H2N: One of the things I appreciated in the film is this idea that the politics are, in fact, personal. A lot of people spoke of the collective, but your point-of-view seems to be the individual and their position in this, how to preserve yourself and your vision of the world…

OA: Yes, it is about ethics.

H2N: Yes, ethics. Each of your characters spins off into their own personal vision of how to best live a life that is true to their politics. Did the politics allow for this individuality?

OA: Well, you had to define yourself individually in terms of your politics. You had to. There was no choice. There is always a majority who just doesn’t care and especially because I grew up in the suburbs, you had a lot of the kids who were completely passive and had no idea what was gong on. But among the people who were involved in the energy of those times, you had to define yourself in political terms and the political debate in high school was virulent because it was completely cut off from reality. That’s why I call it a “Marxist theology,” because that was what it was about. But kids were fluent in that Marxist theology and it was extremely important for them to define themselves in terms of an anarchist idea or a Trotskyist idea like “what would have happened if Trotsky had had his way?” or “at what point did the Russian revolution take the wrong turn?” or “is the Chinese version of Marxist Leninism relevant? Is it something that can be exported?” This was a discussion on a daily basis.

H2N: And there is a tension between this situation and growing into an artist.

OA: Yes, of course. There was tension because everything was defined by how you positioned yourself politically. Right around the corner was a major change in society, the revolution. There was no doubt. It was not a matter of if, it was only a matter of when and how to get it right when the past had gotten it wrong. So, you had to project your politics into the future and you were learning constantly about the past. What all of this leads to is that, yes, it was extremely complicated to define yourself as an artist, to have any aspiration in that context, which was extremely collective. It was about shared hopes and meaning. You could have really violent debates with your friends about the finer points of your politics, but then, you were all together in your belief in the coming revolution.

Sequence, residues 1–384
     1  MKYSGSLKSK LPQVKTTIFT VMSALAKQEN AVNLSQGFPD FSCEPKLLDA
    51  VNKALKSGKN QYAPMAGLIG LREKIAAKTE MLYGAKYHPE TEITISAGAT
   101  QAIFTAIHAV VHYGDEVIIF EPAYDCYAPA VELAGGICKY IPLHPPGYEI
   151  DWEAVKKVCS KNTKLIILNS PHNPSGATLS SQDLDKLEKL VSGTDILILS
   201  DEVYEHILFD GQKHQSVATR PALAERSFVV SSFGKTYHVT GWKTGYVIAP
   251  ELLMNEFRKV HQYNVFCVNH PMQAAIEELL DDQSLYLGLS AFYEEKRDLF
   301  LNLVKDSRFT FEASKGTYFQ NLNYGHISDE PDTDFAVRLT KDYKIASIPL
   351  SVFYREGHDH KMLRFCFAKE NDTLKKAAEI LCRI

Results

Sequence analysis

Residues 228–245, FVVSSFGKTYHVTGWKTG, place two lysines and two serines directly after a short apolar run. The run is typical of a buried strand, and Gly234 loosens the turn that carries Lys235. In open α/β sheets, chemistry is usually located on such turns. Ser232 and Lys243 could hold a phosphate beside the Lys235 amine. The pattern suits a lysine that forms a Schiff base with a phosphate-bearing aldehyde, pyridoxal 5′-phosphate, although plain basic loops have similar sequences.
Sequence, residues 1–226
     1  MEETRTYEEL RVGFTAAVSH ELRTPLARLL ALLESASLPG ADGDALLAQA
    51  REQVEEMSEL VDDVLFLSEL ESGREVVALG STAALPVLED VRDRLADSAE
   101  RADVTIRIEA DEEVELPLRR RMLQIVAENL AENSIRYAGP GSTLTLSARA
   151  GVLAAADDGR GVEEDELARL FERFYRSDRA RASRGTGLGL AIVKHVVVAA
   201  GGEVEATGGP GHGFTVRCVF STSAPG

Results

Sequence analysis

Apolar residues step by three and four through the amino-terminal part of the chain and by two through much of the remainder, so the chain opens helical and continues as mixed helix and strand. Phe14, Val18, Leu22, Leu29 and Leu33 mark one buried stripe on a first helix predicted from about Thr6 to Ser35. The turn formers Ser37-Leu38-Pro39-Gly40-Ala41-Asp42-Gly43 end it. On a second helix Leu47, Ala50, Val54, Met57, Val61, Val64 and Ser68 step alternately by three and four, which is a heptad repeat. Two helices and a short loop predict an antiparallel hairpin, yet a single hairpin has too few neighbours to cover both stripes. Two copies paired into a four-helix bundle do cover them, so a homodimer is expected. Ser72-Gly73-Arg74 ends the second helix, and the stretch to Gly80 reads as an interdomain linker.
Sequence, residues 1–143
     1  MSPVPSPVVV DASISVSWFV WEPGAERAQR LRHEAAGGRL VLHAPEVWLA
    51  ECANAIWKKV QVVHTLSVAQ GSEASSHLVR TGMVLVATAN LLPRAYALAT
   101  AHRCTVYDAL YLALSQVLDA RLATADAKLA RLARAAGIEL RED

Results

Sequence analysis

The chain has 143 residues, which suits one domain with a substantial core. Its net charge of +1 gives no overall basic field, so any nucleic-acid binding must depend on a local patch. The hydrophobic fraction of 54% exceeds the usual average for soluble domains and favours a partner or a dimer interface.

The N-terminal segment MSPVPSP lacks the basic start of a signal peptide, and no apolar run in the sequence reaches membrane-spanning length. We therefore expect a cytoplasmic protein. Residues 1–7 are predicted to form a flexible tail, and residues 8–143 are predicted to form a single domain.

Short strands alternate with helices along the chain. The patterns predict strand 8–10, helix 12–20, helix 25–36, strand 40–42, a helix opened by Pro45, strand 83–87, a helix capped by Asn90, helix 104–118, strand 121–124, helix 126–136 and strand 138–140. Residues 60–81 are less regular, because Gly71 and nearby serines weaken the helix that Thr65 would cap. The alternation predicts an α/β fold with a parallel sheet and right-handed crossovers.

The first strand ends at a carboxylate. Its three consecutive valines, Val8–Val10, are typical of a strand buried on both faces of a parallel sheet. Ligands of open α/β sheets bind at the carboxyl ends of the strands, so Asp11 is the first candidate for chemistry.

Cutting yourself off from that was problematic. Also, I don’t know exactly how it was here in the US, I don’t know the balance—in France it was 75-25 in terms of politics versus counterculture. Counterculture was American and British, coming from London: punk rock, drugs, free sex, free press with the weird layouts. That was present, but it was very much in the minority in France and the different brands of Marxist politics were very much the majority. So, there was a sense of freedom and breathing space inside the counterculture. I completely adopted the counterculture, it was something that I was immediately attracted to because it was a form of rebellion against the bourgeois order, against the past, but in the name of ideas that felt more modern, that were of their time. It involved politics, but it also involved everyday life, it involved poetry, also a major change in the arts. There was this connection between art and rebellion, which made a lot of sense to me because the history of art throughout the 20th century had this relationship.

It was very difficult for me to have that idea accepted within the framework of French leftism. Leftists hated rock music, they only liked free jazz and were intolerant of other forms. They hated narrative movies; anything to do with American counterculture was tagged as “American” so it was evil. Drugs? Petit bourgeois. Music? Petit bourgeois. It was hard to find your position, because as a child of the ’60s, you believed in leftist politics. But you could also not help realizing how uptight and shortsighted they were.

H2N: Everyone in the film seems focused on tactics, but without the grand, overarching strategy or goals. For me, this felt like a very authentic portrayal of youth in a sense; we’re going to take to the streets! A 40-year-old factory worker doesn’t have the same tactical energy…

OA: Right. In the ’70s, you were on the battleground and in the fog of war. But who really had the big picture or who really knew the grand scheme? It was not very clear. All those Marxist groups, they all had a notion of the global strategy, especially when they were trying to connect rebellious youth with the workers, so they had a strategy, but it was just crazy. It made no sense. What they did not see was that it all had to do with the Cold War. When I was growing up, there was this notion that that Cold War division of the world was passé when actually, we were in the middle of it and we would not get out of it until the late ’80s and the fall of the Berlin Wall.

Kids, specifically high school kids, were foot soldiers, not strategists or politicians. They were very far removed from the centers of command. They were pawns. Sure, what they were doing had to do with practical things; they were used to hand out fliers or tag buildings with graffiti, to be on the street and fight for the cause.